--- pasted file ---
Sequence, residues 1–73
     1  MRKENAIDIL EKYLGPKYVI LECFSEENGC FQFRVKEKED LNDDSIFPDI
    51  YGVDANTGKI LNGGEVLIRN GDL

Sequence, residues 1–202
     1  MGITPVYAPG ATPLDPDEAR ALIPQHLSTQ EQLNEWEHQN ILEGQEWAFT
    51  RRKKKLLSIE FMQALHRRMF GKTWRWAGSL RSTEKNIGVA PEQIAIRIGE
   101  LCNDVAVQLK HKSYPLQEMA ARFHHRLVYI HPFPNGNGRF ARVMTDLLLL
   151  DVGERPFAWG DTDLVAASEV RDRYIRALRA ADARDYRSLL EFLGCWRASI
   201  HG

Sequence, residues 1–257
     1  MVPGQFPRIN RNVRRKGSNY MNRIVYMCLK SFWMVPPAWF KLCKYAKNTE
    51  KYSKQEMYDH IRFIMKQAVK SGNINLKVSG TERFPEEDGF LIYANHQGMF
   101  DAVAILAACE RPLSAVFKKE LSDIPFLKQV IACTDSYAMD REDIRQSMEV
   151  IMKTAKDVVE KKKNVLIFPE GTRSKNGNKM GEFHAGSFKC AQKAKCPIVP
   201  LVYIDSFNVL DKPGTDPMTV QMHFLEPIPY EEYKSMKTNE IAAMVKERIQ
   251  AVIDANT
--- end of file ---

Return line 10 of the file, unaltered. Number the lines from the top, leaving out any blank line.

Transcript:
Sequence, residues 1–257